Isn’t it interesting that with all the issues on his Justice Department plate — the opioid crisis, gang and inner-city violence and identity theft, to name just a few — U.S. Attorney General Jeff Sessions is wasting his breath on marijuana?
Sessions recently announced harsher enforcement of federal marijuana laws as opposed to those of individual states. What he did was formally rescind a policy perpetuated during the Obama administration which basically directed U.S. prosecutors to respect states’ laws regarding marijuana and subject them to no federal interference.
This includes places such as Colorado, where recreational pot use became legal and seemingly is occurring without incident. The Rocky Mountain State certainly hasn’t crumbled into a big pile of ashes since marijuana was legalized there four years ago this month.
Meanwhile, 91 Americans are dying every day on average from opioid overdoses, according to the U.S. Centers for Disease Control.
When one dissects why Sessions is not concentrating on the epidemic surrounding opiates, which should be Job One, and is targeting marijuana — Job 10 or 12, tops — the answer appears to be generational in nature.
Due to being born in 1946 in the conservative Deep South (Alabama), Sessions was coming into his own as a prosecutor in the wake of the so-called Hippie Movement. It was a period of rebellion marked by guys with long hair flashing peace signs and preaching anti-Establishment rhetoric.
This also was aligned with the marijuana culture in which joint-smoking became twisted up with the counter-culture movement and promoted fears that the “killer weed” somehow would destroy America.
I can remember back in the 1970s when people who wore T-shirts with images of pot leaves on the front and openly read High Times magazine were treated as menaces to society by those of Jeff Sessions’ ilk, while alcohol use thrived.
And now after fast-forwarding 40 years or so, we can look back and see where the “marijuana menace” was nothing compared to the cocaine epidemic of the 1980s period, and the crack-cocaine epidemic after that. Then came methamphetamine and other deadly substances, including the present situation with opioid misuse and abuse.
The major distinction between the idiotic mania of the past and the reality of today is exemplified by the fact there is not one documented case I’m aware of where someone has died from a marijuana overdose.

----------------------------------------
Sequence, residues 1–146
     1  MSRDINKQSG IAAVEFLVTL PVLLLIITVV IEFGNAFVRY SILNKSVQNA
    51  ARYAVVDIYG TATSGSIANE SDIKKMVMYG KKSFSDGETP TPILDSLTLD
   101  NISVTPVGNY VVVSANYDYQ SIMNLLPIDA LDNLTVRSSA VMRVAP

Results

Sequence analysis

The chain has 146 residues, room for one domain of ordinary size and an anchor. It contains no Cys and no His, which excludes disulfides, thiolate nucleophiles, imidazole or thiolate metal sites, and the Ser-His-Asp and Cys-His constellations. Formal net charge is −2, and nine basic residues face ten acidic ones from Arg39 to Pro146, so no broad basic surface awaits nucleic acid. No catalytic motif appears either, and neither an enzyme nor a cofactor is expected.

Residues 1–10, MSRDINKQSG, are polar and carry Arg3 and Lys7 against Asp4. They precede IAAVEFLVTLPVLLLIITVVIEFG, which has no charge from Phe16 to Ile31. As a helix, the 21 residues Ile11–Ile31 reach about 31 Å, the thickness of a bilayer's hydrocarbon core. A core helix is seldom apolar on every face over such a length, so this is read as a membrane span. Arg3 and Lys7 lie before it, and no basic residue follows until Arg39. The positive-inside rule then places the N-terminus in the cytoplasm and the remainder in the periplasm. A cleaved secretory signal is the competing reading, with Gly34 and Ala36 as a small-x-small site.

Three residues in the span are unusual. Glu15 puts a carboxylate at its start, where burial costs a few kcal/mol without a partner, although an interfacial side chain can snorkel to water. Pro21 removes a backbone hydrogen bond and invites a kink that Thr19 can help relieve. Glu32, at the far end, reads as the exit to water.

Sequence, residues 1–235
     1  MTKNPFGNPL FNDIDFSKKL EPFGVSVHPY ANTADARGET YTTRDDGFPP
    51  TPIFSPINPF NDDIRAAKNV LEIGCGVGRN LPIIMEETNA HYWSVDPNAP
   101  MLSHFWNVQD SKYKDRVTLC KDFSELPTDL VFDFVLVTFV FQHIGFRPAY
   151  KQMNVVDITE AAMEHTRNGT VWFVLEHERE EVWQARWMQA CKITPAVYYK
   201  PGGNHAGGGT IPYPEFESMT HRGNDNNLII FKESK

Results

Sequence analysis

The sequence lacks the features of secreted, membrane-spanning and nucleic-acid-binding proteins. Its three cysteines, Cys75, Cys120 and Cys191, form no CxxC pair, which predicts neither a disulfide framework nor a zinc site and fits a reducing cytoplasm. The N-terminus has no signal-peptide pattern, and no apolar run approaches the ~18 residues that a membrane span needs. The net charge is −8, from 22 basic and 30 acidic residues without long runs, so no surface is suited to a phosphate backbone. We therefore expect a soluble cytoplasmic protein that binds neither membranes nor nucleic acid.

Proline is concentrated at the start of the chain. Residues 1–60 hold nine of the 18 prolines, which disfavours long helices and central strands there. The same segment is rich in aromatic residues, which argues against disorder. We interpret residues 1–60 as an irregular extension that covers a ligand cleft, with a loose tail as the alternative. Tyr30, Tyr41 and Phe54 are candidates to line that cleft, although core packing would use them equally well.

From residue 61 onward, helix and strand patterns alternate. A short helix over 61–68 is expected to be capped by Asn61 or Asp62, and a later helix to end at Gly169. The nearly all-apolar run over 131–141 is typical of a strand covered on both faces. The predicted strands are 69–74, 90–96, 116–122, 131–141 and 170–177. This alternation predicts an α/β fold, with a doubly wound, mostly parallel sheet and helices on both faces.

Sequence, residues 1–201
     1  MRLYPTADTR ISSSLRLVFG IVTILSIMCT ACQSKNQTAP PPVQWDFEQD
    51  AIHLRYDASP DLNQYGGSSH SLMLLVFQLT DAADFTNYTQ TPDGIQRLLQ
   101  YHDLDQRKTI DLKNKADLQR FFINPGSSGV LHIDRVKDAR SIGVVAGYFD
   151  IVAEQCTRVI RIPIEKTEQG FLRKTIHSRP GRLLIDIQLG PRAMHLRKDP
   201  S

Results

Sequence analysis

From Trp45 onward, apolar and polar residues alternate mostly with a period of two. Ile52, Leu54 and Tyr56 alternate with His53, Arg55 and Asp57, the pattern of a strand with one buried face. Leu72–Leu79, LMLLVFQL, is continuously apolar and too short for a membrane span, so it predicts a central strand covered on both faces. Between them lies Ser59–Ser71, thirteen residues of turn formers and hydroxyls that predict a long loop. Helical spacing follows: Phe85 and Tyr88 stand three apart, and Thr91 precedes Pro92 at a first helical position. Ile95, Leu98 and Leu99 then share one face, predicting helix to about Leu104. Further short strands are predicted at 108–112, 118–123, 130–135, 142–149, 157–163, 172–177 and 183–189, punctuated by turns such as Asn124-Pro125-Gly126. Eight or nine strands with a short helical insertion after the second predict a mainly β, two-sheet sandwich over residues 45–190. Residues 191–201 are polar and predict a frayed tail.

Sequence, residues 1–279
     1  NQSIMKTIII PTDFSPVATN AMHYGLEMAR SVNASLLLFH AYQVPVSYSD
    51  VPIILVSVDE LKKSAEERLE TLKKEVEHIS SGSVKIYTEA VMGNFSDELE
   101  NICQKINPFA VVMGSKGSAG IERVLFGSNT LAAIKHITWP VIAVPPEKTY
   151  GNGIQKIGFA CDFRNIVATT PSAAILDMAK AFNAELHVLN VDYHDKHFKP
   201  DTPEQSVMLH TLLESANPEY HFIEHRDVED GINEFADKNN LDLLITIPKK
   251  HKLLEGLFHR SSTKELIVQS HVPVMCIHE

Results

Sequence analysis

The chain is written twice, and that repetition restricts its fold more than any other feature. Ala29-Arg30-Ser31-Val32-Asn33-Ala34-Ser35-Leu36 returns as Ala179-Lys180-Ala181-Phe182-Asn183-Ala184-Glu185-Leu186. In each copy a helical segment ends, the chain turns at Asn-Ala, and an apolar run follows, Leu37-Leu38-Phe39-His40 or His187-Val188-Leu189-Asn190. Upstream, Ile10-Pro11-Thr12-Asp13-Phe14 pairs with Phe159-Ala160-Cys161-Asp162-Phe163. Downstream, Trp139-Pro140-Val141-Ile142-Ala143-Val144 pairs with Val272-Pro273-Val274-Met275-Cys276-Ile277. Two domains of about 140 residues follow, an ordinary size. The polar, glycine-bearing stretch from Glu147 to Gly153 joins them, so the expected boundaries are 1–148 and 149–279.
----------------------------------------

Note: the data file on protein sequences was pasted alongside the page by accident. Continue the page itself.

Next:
Thirty states and the District of Columbia now have laws broadly legalizing marijuana in some form, including the use of cannabis for medical purposes for conditions such as nausea, appetite stimulation, glaucoma and more. Eight states and Washington, D.C., have adopted laws legalizing marijuana for recreational use, which include Colorado, and most recently California.
Results of a public opinion poll released earlier this month from a survey by the Pew Research Center in October show that about six-in-ten Americans (61 percent) believe pot should be legalized, including the majority of citizens in Jeff Sessions’ home state of Alabama. The latest poll figures mirror a steady increase over the past decade in those calling for legalization.
Yet none of this has kept our attorney general from focusing on pot, which is totally irresponsible on its face since there are certainly bigger fish to fry from the Department of Justice standpoint. Again, I must mention the opioid problem that has likely led to at least a few more overdose deaths in the time I’ve been writing this column.
Sessions has signaled a willingness to go after the Cheeches and Chongs of the world rather that the slick $500-suit-wearing corporate executives whose pharmaceutical companies are getting Americans hooked on deadly pain killers and other substances. All the while their lobbyists are greasing the wheels of Congress.
The attorney general’s stance against marijuana is bothersome from both a moral and practical standpoint.
Sessions, most recently a U.S. senator, is a member of a Republican administration that’s touted itself as a supporter of states’ rights, except for things with which Sessions seems to have a lingering personal problem, namely marijuana.
However, the attorney general — who has experience proving things in court to convict people — will himself be judged on the wrong side of history when it comes to cannabis.
The cat is pretty much out of the bag when you consider the various states that have legalized it and the momentum for more to do likewise, and I don’t think any rationally minded person predicts all this being undone.
Does the term “Prohibition” ring a bell?
Tom Joyce is a staff writer for The Mount Airy News. He may be reached at 336-415-4693 or on Twitter @Me_Reporter.